People have been speaking of me in the context the Open Source movement. That's misleading because I am not a member of it. I belong to the Free Software movement. In this movement we talk about freedom, about principle, about the rights that computer users are entitled to.
The Open Source movement avoids talking about those issues, and that is why I am not joining it. The two movements can work together on software; I even occasionally recommend Eric Raymond as a speaker for a business-oriented conference. But we disagree on the basic issues. (See this document.)
For example, in the Free Software movement, we don't consider proprietary programs such as Applix or Wordperfect a contribution to our community. Instead, we work on free replacements for those non-free programs, just as we have worked for 15 years to develop a free replacement for Unix.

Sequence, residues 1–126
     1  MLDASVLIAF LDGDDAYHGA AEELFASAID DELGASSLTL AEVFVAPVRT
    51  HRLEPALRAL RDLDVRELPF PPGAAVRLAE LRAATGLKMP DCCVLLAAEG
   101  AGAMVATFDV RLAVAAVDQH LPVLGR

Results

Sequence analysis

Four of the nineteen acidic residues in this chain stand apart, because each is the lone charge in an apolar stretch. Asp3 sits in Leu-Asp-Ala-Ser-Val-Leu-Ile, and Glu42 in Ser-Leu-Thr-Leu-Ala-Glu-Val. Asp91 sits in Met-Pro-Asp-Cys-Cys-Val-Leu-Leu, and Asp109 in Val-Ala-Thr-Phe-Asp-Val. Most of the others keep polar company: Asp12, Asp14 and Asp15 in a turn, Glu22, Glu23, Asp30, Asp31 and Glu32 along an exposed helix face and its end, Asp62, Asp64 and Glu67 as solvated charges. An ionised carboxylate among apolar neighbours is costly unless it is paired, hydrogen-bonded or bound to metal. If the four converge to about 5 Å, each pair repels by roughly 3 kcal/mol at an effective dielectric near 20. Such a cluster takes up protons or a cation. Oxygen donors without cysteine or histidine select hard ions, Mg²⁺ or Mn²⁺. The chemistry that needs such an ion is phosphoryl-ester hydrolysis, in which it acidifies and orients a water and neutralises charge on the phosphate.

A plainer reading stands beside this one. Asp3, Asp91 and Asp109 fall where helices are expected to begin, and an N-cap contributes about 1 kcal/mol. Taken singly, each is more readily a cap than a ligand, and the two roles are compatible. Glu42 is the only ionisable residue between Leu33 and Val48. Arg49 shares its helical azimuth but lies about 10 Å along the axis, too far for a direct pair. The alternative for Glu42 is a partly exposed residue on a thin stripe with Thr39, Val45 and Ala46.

The Open Source people are entitled to present their views, but please don't cite the achievements of Free Software as their successes. GNU software and the GNU operating system come from the Free Software movement.
Also, for the record, I am not a Communist or anything similar. The idea that people ought to cooperate and help their neighbors is much older than Marx--in fact, one notable exponent of this view lived 2000 years ago. And the idea of inalienable rights embodied in the GNU GPL comes from the founders of the United States. People who disagree with me often find it convenient to call me a Communist, but they do so in order to misrepresent my views.